Law Library

Ankerwycke releases updated ‘Stolen Legacy’ expanded paperback edition

In 1990, shortly after the fall of the Berlin Wall, Dina Gold marched into Krausenstrasse 17/18 and declared, “I’ve come to claim my family’s building.” And so began Gold’s quest for justice as she recounts in “Stolen Legacy: Theft and the Quest for Justice at Krausenstrasse 17/18, Berlin.”

In this book, considered the first detailing the successful claim of a building seized by the Nazis, author Gold delves deeper into archives across the world and makes shocking new discoveries. She includes, for instance, new details related to the Victoria Insurance Company, which had withdrawn the mortgage on her family’s stately six-story building in 1937 and was later part of a consortium insuring SS-owned slave labor workshops at Auschwitz and other concentration camps.

The building, once the head office of one of Germany’s most successful Jewish fashion firms, was used during World War II by Hitler’s Reichsbahn, the railways which transported millions of Jews to their deaths. Today, it is a federal ministry. In a major victory, Gold persuaded the German government to put up a plaque in July 2016, acknowledging in both German and English the history of “The Wolff Building” as it was known.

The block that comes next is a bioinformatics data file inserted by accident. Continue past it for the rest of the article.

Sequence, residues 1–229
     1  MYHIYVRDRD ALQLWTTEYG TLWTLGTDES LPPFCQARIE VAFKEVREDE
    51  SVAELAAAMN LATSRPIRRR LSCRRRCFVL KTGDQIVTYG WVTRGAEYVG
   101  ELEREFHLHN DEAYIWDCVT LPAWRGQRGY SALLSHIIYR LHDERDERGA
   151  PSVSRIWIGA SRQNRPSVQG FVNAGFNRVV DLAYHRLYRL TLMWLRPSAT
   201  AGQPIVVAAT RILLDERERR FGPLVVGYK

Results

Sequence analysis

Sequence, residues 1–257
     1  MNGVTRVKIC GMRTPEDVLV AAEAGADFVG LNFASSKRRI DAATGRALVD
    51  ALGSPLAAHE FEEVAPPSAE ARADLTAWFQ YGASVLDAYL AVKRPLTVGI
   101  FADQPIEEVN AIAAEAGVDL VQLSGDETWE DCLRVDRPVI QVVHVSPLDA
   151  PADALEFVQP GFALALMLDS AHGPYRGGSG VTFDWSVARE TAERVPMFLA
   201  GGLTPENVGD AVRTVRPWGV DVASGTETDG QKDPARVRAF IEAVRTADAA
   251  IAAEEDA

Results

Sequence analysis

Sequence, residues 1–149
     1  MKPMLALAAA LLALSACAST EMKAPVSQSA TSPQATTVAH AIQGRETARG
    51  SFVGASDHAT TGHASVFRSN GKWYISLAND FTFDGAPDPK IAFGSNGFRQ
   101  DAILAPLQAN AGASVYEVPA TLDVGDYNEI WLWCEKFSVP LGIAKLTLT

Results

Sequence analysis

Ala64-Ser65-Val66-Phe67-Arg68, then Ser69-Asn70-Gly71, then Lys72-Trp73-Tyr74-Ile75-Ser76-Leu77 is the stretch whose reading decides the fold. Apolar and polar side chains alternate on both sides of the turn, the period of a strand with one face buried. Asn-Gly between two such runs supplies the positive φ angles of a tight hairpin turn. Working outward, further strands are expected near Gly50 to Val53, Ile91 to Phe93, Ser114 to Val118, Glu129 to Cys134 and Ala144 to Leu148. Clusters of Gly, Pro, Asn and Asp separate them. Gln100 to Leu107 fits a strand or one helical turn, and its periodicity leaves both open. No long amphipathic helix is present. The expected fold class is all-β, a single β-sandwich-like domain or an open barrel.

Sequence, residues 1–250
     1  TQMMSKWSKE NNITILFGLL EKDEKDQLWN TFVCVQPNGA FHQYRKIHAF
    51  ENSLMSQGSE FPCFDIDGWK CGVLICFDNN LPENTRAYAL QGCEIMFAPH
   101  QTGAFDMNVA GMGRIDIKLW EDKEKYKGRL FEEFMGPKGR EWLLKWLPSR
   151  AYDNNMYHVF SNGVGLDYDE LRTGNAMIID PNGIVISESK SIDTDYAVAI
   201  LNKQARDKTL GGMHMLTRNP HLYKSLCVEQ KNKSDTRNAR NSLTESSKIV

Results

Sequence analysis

A former BBC investigative reporter and television producer, Gold now lives in Washington, D.C., and is a senior editor at Moment magazine, co-chair of the Washington Jewish Film Festival and on the board of the Jewish Community Center.